When the cup 1 is anteverted in the hip, the divergent orientation of the bores of the first and second threaded holes will make it difficult or perhaps impossible to use the posteriorly oriented first or second threaded hole 55, 65. However, the drill guide 200 has the added benefit of blocking the posterior threaded hole with the set screw 250, and therefore discouraging use of the posteriorly oriented threaded hole.
As shown in
The implant can be provided in a kit format, such as a surgical kit. In a preferred embodiment, the kit includes a set of differently sized implants such as those shown in
The prosthesis 1 is preferably made of a titanium alloy or a cobalt chromium, although various known materials may be suitable. Optionally, the outer surface 14 of the cup portion 10 has a controlled-porosity surface to enable bone growth to the prosthesis 1. The outer surface 14 may also be associated with a biologically active agent that enhances bone growth (e.g. bone-morphogenetic protein; growth factors; hydroxyapatite) to encourage bone growth to the prosthesis 1.
Various advantages arise from the configuration of the acetabular cup prosthesis 1, some of which are discussed above. The unique configuration of the acetabular cup prosthesis 1 enables it to be used as both a primary or a revision implant. The prosthesis provides for metal-on-metal articulation, resulting in minimal debris versus metal-on-UHMWPE prostheses. The invention 1 provides a rigid construct in which the angle of the screws is maintained, thus enabling the screws to maintain the cup 10 in position. The thin phalange 40 provides sufficient strength without impinging on implantation of the device.
Although the invention has been described as a unitary cup embodiment, the internal wall 12 of the cup 10 may alternatively be configured to receive an insert configured to articulate with the femoral head of femoral hip prosthesis, such as an UHMWPE or ceramic insert
In operation, the acetabular cup prosthesis 1 is installed in a patient in much the same manner as a conventional cup or dysplasia cup. However, because of the unique angulation of the threaded bores, the cup 1 of the invention can be installed in a greater degree of anteverslon or retroversion compared to conventional dysplasia cups, such as the type shown in
In order to minimize stability problems, a drill guide is preferably used to drill holes and insert the screws into the hip.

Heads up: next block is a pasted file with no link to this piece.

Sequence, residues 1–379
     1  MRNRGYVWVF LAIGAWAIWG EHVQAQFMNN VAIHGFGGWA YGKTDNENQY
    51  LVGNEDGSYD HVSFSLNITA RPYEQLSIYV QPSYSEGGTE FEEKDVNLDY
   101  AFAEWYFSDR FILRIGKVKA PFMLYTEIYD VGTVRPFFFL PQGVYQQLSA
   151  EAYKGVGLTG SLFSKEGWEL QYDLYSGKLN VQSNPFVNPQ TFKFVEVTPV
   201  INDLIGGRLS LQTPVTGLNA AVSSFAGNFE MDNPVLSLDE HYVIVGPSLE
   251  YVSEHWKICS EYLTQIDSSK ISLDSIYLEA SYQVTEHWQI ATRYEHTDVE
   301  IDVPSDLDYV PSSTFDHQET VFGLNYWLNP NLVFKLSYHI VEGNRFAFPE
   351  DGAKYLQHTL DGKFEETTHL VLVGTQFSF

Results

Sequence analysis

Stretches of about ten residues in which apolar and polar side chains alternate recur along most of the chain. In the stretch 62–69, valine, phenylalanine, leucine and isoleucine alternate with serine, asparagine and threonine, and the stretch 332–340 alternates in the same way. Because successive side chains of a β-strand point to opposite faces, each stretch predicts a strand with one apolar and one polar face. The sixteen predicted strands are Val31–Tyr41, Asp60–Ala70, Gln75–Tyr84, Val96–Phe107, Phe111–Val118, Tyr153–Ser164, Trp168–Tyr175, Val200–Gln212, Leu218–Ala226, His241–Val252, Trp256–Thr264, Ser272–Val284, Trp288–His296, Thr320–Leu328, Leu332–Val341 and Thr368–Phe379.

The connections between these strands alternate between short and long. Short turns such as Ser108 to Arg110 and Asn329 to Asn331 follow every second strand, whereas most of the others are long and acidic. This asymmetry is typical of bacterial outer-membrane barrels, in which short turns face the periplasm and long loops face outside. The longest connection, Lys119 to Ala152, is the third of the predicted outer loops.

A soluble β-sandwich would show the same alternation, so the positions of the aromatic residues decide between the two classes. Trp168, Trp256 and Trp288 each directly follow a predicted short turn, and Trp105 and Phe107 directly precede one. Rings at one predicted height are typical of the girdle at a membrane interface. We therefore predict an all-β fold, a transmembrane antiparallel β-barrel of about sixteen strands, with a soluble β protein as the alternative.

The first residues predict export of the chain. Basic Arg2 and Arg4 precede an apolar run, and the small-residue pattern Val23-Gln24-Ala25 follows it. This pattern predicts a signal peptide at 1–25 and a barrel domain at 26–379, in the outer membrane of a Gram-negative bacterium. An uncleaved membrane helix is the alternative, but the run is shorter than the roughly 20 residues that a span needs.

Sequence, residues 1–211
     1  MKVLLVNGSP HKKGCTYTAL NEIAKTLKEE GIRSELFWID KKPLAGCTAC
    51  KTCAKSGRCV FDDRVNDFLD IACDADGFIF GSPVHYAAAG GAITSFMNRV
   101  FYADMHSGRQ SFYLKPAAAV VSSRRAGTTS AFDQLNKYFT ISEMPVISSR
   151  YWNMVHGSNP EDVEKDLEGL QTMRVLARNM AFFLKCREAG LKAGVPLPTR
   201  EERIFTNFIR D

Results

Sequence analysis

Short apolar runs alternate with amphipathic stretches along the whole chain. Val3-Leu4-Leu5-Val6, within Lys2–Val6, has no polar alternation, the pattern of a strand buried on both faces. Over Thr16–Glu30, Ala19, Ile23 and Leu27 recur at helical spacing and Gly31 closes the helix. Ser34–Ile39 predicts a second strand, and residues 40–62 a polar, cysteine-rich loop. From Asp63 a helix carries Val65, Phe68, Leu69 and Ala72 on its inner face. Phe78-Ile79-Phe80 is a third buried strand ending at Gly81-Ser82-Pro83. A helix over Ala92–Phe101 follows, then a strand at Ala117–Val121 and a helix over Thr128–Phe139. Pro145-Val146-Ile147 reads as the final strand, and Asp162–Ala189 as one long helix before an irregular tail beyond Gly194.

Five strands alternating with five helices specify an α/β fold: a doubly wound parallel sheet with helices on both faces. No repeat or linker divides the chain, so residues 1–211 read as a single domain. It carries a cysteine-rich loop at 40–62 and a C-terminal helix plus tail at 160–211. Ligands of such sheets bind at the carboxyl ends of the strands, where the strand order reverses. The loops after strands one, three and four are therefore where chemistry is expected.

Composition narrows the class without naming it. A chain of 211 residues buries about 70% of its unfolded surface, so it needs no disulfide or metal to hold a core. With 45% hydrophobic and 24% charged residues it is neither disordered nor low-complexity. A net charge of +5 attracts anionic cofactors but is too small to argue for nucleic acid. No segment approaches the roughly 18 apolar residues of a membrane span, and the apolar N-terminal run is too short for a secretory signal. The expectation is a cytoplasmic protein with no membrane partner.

Although the present invention has been described in terms of specific embodiments, it is anticipated that alterations and modifications thereof will no doubt become apparent to those skilled in the art. It is therefore intended that the following claims be interpreted as covering all alterations and modifications that fall within the true spirit and scope of the invention.
|Cited Patent||Filing date||Publication date||Applicant||Title|
|US3903549 *||Jun 12, 1974||Sep 9, 1975||William Minor Deyerle||Acetabular cup prosthesis component for total or subtotal hip prosthesis system|
|US4298993 *||Feb 8, 1980||Nov 10, 1981||Kovaleva Irina D||Endoprosthesis of the body of the innominate bone|
|US4623351 *||Apr 19, 1984||Nov 18, 1986||National Research Development Corporation||Endoprosthetic bone joint devices|
|US4961748 *||Aug 11, 1989||Oct 9, 1990||Sulzer Brothers Limited||Sleeve for an acetabulum|
|US5108447 *||Feb 28, 1991||Apr 28, 1992||Sulzer Brothers Limited||Artificial acetabulum|
|US5176711 *||Mar 6, 1991||Jan 5, 1993||Grimes James B||Acetabular revision system|
|US5192329 *||Mar 7, 1991||Mar 9, 1993||Joint Medical Products Corporation||Oblong acetabular cup|
|US5314488 *||Sep 1, 1992||May 24, 1994||Kyocera Corporation||Acetabular socket for an artificial hip joint|
|US5314490 *||Feb 5, 1993||May 24, 1994||Sulzer Medizinaltechnik Ag||Outer cup for an artificial hipjoint socket|
|US5326368 *||Sep 22, 1992||Jul 5, 1994||Howmedica, Inc.||Modular acetabular cup|
|US5370703 *||Aug 30, 1993||Dec 6, 1994||Sulzer Medizinaltechnik Ag||Double-cup hipjoint socket suitable for use in revision|
|US5425778 *||Oct 7, 1993||Jun 20, 1995||Oscobal Ag||Acetabular socket supporting ring|
|US5571201 *||May 5, 1995||Nov 5, 1996||Implex Corporation||Prosthetic acetabular cup and method of implant|
|US5702477 *||May 9, 1996||Dec 30, 1997||Osteonics Corp.||Acetabular shell with supplemental support and method|
|US5871548 *||Dec 7, 1996||Feb 16, 1999||Johnson & Johnson Professional, Inc.||Modular acetabular reinforcement system|
|US5928288 *||May 13, 1998||Jul 27, 1999||Johnson & Johnson Professional, Inc.||Variable fit oblong acetabular prosthesis|
|US5931870 *||Oct 9, 1996||Aug 3, 1999||Smith & Nephew, Inc.||Acetabular ring prosthesis with reinforcement buttress|
|US6004353 *||Jul 27, 1998||Dec 21, 1999||Medidea, Llc||Modular acetabular reconstruction plate|